Video | How Virtual Reality is Creating a New Frontier in Pain Management

Video | How Virtual Reality is Creating a New Frontier in Pain Management

As the country faces the ongoing opioid crisis, doctors ad patients are finding an alternative treatment for pain in virtual reality.
Wednesday, March 13, 2019 - 2:00pm

CAMPAIGN: HP Inc. | Human Rights

CONTENT: Multimedia with summary

One year ago, Bonnie Honjas was riding in the back seat of a car in Oregon when a semi truck sideswiped her vehicle and dragged it down 700 feet of highway. The accident left her with nerve pain in her neck, left shoulder and arm.

Honjas tried everything from chiropractic medicine to traditional physical therapy to ease her discomfort. But nothing helped. A massage therapist, she was unable to work, making her even more worried that she might never heal.

But then she met with a physical therapist at Providence Health & Services in Portland who’s helping her find reprieve from her pain with a high-tech treatment: virtual reality.

HP is partnering with Firsthand Technology, a VR healthcare company, to equip healthcare centers like Providence with new innovations for helping patients with pain management. Through the use of therapeutic games, VR is helping doctors and patients like Honjas think about and treat pain in new ways. Lately, Honjas has found relief in a Firsthand game called GLOW! that temporarily immerses users in a dreamy, firefly-filled virtual forest, effectively interrupting the brain’s pain signals and giving patients a mental respite from their chronic physical discomfort.

“I think that my pain goes away because I'm taken to a different world where I don't feel the negative thoughts, or think of the negative thoughts,” she says. “I just am there trying to catch fireflies.”

Short sessions provide long-lasting relief

VR games can provide a fun and also curative distraction from physical pain while a patient is wearing a headset. But healthcare providers say that the palliative effects of the game last longer than the VR experience itself.

Anne Huffington-Carroll, the lead physical therapist at the Providence Northeast Rehabilitation clinic in Portland, is working with Honjas on her treatment. She says patients come out of their VR sessions feeling much freer in their movements.

“Virtual reality creates an environment that probably doesn't have any preconceived notions. It lets individuals walk into an environment that's completely different and is purposely designed to be soothing,” she says.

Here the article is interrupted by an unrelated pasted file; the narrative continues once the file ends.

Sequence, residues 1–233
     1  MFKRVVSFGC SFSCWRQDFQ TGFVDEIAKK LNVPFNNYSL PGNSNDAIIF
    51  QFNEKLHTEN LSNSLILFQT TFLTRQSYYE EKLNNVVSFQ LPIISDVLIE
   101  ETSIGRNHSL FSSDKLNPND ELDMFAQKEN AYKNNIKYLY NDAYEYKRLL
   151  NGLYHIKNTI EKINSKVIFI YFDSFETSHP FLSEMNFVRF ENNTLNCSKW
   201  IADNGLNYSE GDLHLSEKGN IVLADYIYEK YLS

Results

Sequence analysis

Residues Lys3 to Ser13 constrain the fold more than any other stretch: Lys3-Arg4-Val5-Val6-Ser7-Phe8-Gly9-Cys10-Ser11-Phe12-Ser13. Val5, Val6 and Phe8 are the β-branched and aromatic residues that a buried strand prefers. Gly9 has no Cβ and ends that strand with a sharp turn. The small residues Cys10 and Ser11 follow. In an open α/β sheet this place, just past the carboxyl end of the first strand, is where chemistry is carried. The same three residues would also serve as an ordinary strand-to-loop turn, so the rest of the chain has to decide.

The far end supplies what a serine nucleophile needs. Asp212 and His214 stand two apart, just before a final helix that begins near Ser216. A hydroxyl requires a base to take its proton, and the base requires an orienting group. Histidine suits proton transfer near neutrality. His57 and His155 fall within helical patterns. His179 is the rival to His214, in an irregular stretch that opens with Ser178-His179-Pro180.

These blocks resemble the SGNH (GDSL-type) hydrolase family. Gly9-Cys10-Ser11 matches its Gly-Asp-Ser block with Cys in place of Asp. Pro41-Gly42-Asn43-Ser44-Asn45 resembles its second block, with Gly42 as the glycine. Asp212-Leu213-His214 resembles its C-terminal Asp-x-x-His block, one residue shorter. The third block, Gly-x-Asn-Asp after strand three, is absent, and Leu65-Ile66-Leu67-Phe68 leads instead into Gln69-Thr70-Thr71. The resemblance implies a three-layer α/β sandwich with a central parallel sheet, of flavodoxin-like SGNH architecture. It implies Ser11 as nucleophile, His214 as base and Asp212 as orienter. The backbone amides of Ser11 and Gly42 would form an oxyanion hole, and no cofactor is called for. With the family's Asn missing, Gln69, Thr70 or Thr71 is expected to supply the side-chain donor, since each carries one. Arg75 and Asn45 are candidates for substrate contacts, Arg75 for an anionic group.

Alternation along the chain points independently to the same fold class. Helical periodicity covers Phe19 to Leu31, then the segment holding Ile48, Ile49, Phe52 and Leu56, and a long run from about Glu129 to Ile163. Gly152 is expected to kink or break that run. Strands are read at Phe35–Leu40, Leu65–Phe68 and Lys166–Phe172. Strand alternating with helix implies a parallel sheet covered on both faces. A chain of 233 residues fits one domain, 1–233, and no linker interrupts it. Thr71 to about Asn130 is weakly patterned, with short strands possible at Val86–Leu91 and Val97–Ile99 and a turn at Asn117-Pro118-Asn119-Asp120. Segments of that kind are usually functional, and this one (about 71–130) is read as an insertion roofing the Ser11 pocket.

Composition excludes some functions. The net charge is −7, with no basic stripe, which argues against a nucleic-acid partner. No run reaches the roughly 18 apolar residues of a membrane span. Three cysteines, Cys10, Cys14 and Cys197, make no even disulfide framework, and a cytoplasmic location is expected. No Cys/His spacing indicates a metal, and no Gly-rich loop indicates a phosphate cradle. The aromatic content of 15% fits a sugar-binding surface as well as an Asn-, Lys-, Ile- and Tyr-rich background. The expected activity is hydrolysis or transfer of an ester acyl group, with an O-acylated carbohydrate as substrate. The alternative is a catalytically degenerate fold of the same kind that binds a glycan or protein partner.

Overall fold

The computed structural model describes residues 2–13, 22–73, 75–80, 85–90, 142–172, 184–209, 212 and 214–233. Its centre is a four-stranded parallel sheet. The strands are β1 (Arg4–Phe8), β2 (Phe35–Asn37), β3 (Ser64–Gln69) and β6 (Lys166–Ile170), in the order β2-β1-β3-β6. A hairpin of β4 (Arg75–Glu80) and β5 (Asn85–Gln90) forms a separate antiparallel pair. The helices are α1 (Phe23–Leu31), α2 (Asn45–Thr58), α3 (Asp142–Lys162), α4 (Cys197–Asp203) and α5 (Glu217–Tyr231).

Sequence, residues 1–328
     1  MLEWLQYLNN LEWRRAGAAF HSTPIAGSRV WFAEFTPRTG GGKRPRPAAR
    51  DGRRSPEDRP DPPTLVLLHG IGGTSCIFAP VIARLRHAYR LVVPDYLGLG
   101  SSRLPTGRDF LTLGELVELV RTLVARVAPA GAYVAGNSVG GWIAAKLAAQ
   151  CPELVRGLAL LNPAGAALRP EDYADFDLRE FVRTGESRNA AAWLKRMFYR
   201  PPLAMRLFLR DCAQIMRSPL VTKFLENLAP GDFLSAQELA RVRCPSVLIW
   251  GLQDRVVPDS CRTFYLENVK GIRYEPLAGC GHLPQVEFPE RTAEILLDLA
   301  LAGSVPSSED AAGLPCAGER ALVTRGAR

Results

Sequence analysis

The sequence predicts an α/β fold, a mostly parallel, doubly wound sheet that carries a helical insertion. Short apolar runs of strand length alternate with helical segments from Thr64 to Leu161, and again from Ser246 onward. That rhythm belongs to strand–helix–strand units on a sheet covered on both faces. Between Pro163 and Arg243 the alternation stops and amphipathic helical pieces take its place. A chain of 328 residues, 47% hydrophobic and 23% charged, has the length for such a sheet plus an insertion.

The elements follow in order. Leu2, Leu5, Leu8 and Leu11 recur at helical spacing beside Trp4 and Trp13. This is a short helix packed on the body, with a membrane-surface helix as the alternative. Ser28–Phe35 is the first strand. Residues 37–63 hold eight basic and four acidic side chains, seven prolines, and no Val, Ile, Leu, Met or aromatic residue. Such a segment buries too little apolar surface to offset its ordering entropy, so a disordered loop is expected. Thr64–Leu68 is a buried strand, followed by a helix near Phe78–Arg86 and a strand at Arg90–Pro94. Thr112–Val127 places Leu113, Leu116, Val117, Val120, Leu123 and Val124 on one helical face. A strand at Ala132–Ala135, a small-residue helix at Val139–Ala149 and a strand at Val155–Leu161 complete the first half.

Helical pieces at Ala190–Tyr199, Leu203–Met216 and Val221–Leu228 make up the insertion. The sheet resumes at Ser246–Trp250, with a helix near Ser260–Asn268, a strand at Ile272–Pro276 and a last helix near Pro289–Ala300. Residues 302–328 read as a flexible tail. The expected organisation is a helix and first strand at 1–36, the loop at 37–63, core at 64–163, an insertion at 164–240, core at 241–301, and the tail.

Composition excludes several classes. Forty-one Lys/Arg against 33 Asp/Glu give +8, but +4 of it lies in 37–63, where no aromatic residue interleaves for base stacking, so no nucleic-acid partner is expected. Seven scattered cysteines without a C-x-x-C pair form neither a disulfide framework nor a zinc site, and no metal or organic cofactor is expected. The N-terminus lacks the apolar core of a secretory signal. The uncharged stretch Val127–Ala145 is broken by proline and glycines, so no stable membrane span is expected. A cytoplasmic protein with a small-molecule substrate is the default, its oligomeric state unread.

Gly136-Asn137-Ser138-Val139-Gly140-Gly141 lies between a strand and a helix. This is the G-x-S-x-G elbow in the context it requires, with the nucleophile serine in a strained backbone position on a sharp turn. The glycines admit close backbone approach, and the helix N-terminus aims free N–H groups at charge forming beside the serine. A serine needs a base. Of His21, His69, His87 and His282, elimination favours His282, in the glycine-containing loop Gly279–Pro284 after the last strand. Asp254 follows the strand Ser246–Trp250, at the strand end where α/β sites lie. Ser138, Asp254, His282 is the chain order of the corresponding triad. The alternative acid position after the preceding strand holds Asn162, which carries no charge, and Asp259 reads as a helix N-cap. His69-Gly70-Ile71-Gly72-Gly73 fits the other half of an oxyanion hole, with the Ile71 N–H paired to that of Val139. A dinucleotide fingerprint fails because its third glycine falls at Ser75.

In GLOW!, you digitally link your heart rate to the game before plunging yourself into a virtual nighttime forest. The calmer you are, the more fireflies appear in your fists, which you can then scatter into the sky before you. Another Firsthand game called COOL!  lets patients immerse themselves in a game of paintball against a virtual team of otters.

“We take that person to an experience for a while that they may not have had,”  says Dr. Shorin Nemeth, the medical director for oncology palliative care and comprehensive pain services at Providence. “It shows them that they can focus, or their brain can focus on something other than that suffering. Sometimes just those moments are powerful enough to help that person understand that they do have the ability to get out of pain."

‘Digital immunotherapy’

Howard Rose, the CEO and co-founder of Firsthand, has seen his games ease the pain of pancreatic cancer patients and burn victims.

“What makes VR really effective for healthcare is that it puts the patient at the center and it activates the patient's own internal ability,” Rose says. “I think of it as digital immunotherapy. We're using the powers that we all have internally to be healthy, to be active, to relax, to perform at our best level. And VR enables people to access that.”

Scientific evidence that VR pain treatment works is emerging as well. A 2018 study in the International Journal of Virtual Reality indicated an average of a 66 percent reduction in pain during the VR session and a 45 percent reduction in pain immediately after the session for all 10 participants. At Providence, Nemeth’s study using the technology showed a 30 percent reduction in pain, and about a 20 percent reduction in opioid use.

A much-needed new path for pain management

Prescribing opioid painkillers as part of a traditional approach to pain management is common in the United States, but the practice has catalyzed a nationwide opioid addiction crisis. Over 130 Americans die each day after overdosing on opioids, and roughly 21 to 29 percent of patients who are prescribed opioids for chronic pain misuse them.

Finding solutions for pain relief that aren’t pills has never been more important, says Nemeth. He tested the HP-powered Intel® Core™ i7 processor based-VR systems in a clinical trial last year after reaching out to Firsthand about its technology.
“We [used to say], ‘OK, you have pain, I will give you a pill, and now your pain is fixed,’” he says. “But data came out and said that prescribing opioids, for instance, isn't really making anyone any better.”

As more and more hospitals and healthcare centers explore VR as a tool for pain management, it stands to not only bring much-needed relief to pain sufferers, but also to become an important front in the fight to treat pain without opioids. Industry analysts predict the market for healthcare applications using virtual and augmented reality will reach $5.1 billion by 2025, reaching more than 3 million patients.

“For a patient who has suffered with chronic pain for a great number of years, five minutes of relief, or 20 minutes of relief spent in a virtual reality headset might not seem like much, but to them, those moments are priceless,” Nemeth says.

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